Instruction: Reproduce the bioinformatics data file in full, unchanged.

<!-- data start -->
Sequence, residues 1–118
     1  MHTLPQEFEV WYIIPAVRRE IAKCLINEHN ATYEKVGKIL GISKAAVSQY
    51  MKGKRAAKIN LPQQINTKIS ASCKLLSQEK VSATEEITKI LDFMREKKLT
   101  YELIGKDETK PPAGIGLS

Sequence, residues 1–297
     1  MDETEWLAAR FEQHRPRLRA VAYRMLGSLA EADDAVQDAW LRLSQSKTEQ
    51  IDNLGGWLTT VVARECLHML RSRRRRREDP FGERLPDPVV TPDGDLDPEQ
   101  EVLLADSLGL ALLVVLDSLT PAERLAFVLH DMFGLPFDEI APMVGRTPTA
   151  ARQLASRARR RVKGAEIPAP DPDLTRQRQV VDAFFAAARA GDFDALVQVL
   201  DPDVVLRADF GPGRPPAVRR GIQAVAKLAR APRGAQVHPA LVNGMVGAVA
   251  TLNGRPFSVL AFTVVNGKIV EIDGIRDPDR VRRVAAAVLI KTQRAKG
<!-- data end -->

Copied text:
Sequence, residues 1–118
     1  MHTLPQEFEV WYIIPAVRRE IAKCLINEHN ATYEKVGKIL GISKAAVSQY
    51  MKGKRAAKIN LPQQINTKIS ASCKLLSQEK VSATEEITKI LDFMREKKLT
   101  YELIGKDETK PPAGIGLS

Sequence, residues 1–297
     1  MDETEWLAAR FEQHRPRLRA VAYRMLGSLA EADDAVQDAW LRLSQSKTEQ
    51  IDNLGGWLTT VVARECLHML RSRRRRREDP FGERLPDPVV TPDGDLDPEQ
   101  EVLLADSLGL ALLVVLDSLT PAERLAFVLH DMFGLPFDEI APMVGRTPTA
   151  ARQLASRARR RVKGAEIPAP DPDLTRQRQV VDAFFAAARA GDFDALVQVL
   201  DPDVVLRADF GPGRPPAVRR GIQAVAKLAR APRGAQVHPA LVNGMVGAVA
   251  TLNGRPFSVL AFTVVNGKIV EIDGIRDPDR VRRVAAAVLI KTQRAKG